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Enjoy a slice of QUIC, and Rust!

by Alessandro Ghedini.

During last year’s Birthday Week we announced early support for QUIC, the next generation encrypted-by-default network transport protocol designed to secure and accelerate web traffic on the Internet.

We are not quite ready to make this feature available to every Cloudflare customer yet, but while you wait we thought you might enjoy a slice of quiche, our own open-source implementation of the QUIC protocol written in Rust.

quiche-1

Quiche will allow us to keep on top of changes to the QUIC protocol as the standardization process progresses and experiment with new features more easily. Let’s have a quick look at it together.

Simple and genuine ingredients

The main design principle that guided quiche’s initial development was exposing most of the QUIC complexity to applications through a minimal and intuitive API, but without making too many assumptions about the application itself, in order to allow us to reuse the same library in different contexts.

For example, while we think Rust is great, most of the stack that deals with HTTP requests on Cloudflare’s edge network is still written in good ol’ C, which means that our QUIC implementation would need to be integrated into that.

The quiche API can process QUIC packets received from network sockets and generate packets to send back, but will not touch the sockets themselves. It also exposes a thin layer on top on the Rust API itself to make integration into C/C++ (and other languages) easier.

The application is responsible for fetching data from the network (e.g. via sockets), passing it to quiche, and sending the data that quiche generates back into the network. The application also needs to handle timers, with quiche telling it when to wake-up (this is required for retransmitting lost packets once the corresponding retransmission timeouts expire for example). This leaves the application free to decide how to best implement the I/O and event loop support, depending on the support offered by the operating system or the networking framework used.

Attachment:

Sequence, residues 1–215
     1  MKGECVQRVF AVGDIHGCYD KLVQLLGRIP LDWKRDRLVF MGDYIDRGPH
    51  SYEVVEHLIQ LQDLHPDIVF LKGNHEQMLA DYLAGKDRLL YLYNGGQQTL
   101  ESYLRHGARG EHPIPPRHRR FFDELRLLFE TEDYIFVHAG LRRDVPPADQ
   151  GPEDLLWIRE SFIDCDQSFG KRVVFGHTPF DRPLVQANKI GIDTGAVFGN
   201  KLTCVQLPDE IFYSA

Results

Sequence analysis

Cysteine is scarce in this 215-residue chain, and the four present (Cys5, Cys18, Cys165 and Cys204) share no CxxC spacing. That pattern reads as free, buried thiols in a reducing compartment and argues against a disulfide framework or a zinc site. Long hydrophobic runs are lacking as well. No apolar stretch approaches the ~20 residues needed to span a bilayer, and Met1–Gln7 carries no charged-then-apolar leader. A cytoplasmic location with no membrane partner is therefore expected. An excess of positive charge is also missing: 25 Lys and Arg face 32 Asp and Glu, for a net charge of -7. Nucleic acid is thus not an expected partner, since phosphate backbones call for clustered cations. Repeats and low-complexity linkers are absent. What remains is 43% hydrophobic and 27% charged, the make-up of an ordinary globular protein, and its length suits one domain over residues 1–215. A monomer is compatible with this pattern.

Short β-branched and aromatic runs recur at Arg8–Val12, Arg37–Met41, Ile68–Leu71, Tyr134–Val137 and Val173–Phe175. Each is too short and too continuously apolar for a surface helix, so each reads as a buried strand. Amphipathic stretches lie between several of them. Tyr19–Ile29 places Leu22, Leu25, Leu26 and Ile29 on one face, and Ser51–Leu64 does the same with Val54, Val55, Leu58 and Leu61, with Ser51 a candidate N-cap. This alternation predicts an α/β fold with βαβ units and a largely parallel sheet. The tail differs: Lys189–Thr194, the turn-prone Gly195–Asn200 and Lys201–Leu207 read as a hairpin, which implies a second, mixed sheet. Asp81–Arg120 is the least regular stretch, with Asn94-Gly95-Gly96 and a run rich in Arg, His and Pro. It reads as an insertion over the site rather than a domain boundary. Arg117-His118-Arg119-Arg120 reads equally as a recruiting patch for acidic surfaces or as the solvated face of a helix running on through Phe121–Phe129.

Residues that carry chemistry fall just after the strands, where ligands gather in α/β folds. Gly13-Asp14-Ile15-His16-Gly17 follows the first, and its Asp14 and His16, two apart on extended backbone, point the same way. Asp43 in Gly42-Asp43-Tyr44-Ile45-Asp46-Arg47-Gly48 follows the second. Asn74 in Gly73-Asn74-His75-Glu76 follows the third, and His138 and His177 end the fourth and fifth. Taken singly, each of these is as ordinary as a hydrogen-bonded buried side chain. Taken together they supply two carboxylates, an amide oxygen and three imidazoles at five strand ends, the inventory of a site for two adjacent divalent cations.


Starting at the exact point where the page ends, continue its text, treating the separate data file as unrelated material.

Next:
Thanks to this we were able to integrate quiche into our NGINX fork (though this is not ready to be open-sourced just yet) without major changes to NGINX internals. Quiche can also be built together with cURL to power cURL’s very early (and very experimental) QUIC support. And of course you can use quiche to implement QUIC clients and servers written in Rust as well.

More boring than ever

A couple years ago we migrated our entire HTTPS stack to BoringSSL, the crypto and TLS library developed by Google. This allowed us to streamline our stack (we’d previously had to maintain our own internal patches to OpenSSL for many of the features that BoringSSL offers out-of-the-box) as well as ship exciting new features more quickly.

For those not following the QUIC standardization process, the QUIC protocol itself makes use of TLS 1.3 as part of its connection handshake, so it made sense that our QUIC implementation would also use BoringSSL to implement that part of the protocol.

As far as QUIC is concerned, the TLS library needs to provide negotiation of cryptographic parameters (including encryption secrets), which are then used by the QUIC layer itself to encrypt/decrypt the packets on the wire. The TLS record layer is replaced by QUIC framing to avoid overhead and duplication so that TLS handshake messages are carried directly on top of encrypted QUIC packets.

This makes integrating with existing TLS implementations more challenging since they would need to expose the raw TLS handshake messages as-is, without record layer or protection which would be handled by quiche itself.
BoringSSL offers a dedicated API that can be used by QUIC implementations, which required a few tweaks along the way as you would expect with something so new and experimental, but was overall a breeze to integrate into quiche.

One ring to rule them all

While the TLS handshake is implemented using BoringSSL’s API directly (via Rust’s FFI support), to implement QUIC’s packet protection we decided to use ring, a very popular Rust library that provides safe and fast cryptographic primitives.

Ring offers most of the same cryptographic primitives you’d get with BoringSSL’s libcrypto, but exposed through an intuitive and safe Rust API. In fact, ring uses some of the same fast implementations of cryptographic algorithms that BoringSSL also uses, but exposed through a nicer API.

However QUIC’s use of cryptography is somewhat unique and, uhm, exotic: the packet’s payload protection uses standard AEAD (“authenticated encryption with associated data”) algorithms like AES-GCM and ChaCha20-Poly1305, but the protection for the packet’s header is different and was designed specifically for QUIC to prevent middle-boxes on the network from intercepting some of the packet’s metadata (like the packet number).

Ring didn’t originally expose the primitives required to implement QUIC’s header protection, but adding support for them was easy enough, and our changes, now also open-source, were officially released in ring v0.14.0 and available for everyone to use.

Conclusion

While quiche is one of the more recent additions to the list of QUIC implementations (its first commit only dates back 3 months or so), it’s already able to interoperate with the other more mature implementations and exercise many of QUIC’s features.

Quiche, just like QUIC itself, is not “done” (or perfect for that matter) yet. Bugs will be found and fixed, new exciting features implemented (and then more bugs will be found), and API compatibility broken, as we gain experience and learn from wider deployment of QUIC on the Internet.

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